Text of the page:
Write the converted output to output_file.  If no output_file is specified, or
                 if it is ‘-’, the converted sudoers policy will be written to the standard

     -O start_point, --order-start=start_point
                 When generating LDIF output, use the number specified by start_point in the
                 sudoOrder attribute of the first sudoRole object.  Subsequent sudoRole object
                 use a sudoOrder value generated by adding an increment, see the -I option for
                 details.  Defaults to a starting point of 1.  A starting point of 0 will disable
                 the generation of sudoOrder attributes in the resulting LDIF file.

                 When the -M option is also specified, perform passwd queries using file instead
                 of the system passwd database.

     -p, --prune-matches
                 When the -m option is also specified, cvtsudoers will prune out non-matching
                 users, groups, and hosts from matching entries.

     -P padding, --padding=padding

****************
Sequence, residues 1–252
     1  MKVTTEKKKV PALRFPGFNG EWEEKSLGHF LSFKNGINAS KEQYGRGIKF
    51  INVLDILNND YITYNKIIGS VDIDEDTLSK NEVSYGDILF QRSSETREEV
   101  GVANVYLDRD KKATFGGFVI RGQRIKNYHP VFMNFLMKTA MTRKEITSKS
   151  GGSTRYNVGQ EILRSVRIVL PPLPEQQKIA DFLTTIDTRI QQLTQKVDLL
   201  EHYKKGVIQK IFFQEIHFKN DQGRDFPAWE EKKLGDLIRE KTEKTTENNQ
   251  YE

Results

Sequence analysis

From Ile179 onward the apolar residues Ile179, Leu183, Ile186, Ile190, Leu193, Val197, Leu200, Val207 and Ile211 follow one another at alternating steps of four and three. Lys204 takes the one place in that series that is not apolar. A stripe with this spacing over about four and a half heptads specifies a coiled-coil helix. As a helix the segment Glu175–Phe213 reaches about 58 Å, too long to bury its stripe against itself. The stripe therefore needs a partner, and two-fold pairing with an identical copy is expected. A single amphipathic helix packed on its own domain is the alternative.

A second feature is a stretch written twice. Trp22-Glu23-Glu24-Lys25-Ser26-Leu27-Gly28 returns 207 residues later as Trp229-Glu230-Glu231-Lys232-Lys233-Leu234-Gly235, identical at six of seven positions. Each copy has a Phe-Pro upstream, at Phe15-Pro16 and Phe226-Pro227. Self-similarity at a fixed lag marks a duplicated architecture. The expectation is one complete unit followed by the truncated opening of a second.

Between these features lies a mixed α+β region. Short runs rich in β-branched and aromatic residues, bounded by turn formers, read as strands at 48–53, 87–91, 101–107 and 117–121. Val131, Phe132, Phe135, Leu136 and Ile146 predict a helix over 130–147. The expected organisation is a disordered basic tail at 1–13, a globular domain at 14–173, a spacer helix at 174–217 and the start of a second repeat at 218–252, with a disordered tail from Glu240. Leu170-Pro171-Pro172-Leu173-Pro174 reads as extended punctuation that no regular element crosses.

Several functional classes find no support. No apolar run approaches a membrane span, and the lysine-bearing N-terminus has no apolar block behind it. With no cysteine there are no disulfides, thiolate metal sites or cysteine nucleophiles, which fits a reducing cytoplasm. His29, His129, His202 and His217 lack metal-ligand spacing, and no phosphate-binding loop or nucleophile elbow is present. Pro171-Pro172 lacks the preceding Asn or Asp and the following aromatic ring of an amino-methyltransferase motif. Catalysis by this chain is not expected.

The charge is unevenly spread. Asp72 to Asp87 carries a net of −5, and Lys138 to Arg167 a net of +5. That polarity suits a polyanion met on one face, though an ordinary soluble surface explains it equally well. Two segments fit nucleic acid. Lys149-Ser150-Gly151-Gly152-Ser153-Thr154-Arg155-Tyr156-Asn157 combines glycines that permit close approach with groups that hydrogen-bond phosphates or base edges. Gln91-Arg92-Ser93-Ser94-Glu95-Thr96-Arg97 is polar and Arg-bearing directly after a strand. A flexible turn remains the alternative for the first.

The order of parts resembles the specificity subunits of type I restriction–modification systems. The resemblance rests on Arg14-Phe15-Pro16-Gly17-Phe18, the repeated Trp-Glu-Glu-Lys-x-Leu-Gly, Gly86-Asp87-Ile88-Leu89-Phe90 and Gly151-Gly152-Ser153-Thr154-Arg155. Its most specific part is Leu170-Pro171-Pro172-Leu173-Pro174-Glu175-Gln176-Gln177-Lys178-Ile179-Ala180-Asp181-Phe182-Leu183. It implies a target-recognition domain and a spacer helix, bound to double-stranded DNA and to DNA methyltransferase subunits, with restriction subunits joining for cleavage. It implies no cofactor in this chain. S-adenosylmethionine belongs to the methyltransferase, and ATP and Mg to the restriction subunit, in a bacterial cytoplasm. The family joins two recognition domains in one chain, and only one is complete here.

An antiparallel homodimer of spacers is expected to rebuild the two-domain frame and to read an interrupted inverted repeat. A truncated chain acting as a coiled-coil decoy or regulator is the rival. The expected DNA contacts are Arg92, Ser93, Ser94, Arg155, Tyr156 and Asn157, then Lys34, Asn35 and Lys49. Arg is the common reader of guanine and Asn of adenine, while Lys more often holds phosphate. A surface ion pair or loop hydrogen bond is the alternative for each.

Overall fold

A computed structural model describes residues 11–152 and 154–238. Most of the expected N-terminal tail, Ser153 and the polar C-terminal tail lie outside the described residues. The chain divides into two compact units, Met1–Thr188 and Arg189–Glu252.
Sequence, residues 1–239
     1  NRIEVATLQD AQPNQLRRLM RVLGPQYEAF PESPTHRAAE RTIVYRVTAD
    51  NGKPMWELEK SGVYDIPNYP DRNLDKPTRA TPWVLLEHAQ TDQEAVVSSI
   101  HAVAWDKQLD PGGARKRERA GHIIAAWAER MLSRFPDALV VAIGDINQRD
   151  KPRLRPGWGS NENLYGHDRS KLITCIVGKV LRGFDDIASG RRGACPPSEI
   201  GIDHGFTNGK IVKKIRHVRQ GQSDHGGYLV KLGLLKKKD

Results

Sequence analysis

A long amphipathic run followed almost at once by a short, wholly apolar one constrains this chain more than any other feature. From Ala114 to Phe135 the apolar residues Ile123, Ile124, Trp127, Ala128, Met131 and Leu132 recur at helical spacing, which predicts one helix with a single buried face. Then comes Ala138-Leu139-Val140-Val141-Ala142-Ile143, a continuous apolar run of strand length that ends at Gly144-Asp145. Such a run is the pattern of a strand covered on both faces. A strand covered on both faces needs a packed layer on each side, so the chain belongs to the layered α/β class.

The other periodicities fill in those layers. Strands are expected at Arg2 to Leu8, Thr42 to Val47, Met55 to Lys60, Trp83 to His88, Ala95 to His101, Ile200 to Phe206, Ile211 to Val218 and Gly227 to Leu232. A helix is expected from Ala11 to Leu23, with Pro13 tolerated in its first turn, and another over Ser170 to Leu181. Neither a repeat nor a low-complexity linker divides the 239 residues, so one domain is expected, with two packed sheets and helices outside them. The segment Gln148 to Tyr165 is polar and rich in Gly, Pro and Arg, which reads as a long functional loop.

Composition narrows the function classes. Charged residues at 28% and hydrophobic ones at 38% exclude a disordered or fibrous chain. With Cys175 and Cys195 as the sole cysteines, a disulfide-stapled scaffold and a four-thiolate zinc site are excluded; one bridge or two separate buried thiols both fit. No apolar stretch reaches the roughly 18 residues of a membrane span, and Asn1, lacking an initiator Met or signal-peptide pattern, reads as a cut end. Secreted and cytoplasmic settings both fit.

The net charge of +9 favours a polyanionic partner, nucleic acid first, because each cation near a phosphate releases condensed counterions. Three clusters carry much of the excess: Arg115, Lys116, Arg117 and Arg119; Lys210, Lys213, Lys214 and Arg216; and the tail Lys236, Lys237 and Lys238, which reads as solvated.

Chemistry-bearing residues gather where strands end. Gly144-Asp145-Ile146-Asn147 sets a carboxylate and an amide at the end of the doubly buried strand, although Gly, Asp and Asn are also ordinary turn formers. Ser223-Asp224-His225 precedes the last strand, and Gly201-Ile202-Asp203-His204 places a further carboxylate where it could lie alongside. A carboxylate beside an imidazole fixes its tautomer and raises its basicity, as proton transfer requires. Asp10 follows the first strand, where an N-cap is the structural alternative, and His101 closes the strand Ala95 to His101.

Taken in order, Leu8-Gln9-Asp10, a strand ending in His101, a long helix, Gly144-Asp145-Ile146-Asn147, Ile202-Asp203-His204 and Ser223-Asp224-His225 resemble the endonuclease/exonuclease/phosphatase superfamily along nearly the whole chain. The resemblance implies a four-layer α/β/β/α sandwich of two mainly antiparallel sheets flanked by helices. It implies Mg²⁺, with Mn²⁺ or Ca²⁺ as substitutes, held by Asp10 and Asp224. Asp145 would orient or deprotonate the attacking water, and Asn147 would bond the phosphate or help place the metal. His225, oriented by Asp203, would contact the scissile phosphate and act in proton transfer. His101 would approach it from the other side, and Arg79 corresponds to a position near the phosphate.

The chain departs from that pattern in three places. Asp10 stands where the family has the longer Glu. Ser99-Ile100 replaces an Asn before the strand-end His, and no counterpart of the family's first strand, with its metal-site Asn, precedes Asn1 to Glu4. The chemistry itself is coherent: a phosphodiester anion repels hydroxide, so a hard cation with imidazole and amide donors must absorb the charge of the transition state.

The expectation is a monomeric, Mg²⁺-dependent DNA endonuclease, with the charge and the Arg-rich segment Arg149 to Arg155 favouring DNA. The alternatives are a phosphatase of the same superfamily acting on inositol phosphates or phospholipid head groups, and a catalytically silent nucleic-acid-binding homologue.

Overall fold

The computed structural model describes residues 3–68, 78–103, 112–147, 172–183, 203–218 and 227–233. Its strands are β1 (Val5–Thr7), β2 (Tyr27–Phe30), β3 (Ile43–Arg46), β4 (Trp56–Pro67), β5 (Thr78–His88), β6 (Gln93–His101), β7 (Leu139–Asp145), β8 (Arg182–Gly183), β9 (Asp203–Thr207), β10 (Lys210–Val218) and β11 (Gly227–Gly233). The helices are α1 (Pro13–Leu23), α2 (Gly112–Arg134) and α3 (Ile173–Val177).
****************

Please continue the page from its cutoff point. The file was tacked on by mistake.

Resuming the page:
When generating LDIF output, construct the initial sudoOrder value by
                 concatenating order_start and increment, padding the increment with zeros until
                 it consists of padding digits.  For example, if order_start is 1027, padding is
                 3, and increment is 1, the value of sudoOrder for the first entry will be
                 1027000, followed by 1027001, 1027002, etc.  If the number of sudoRole entries
                 is larger than the padding would allow, cvtsudoers will exit with an error.  By
                 default, no padding is performed.

     -s sections, --suppress=sections
                 Suppress the output of specific sections of the security policy.  One or more
                 section names may be specified, separated by a comma (‘,’).  The supported
                 section name are: defaults, aliases and privileges (which may be shortened to

     -V, --version
                 Print the cvtsudoers and sudoers grammar versions and exit.

   Merging multiple files
     When multiple input files are specified, cvtsudoers will attempt to merge them into a single
     policy file.  It is assumed that user and group names are consistent among the policy files
     to be merged.  For example, user “bob” on one host is the same as user “bob” on another

     When merging policy files, it is possible to prefix the input file name with a host name,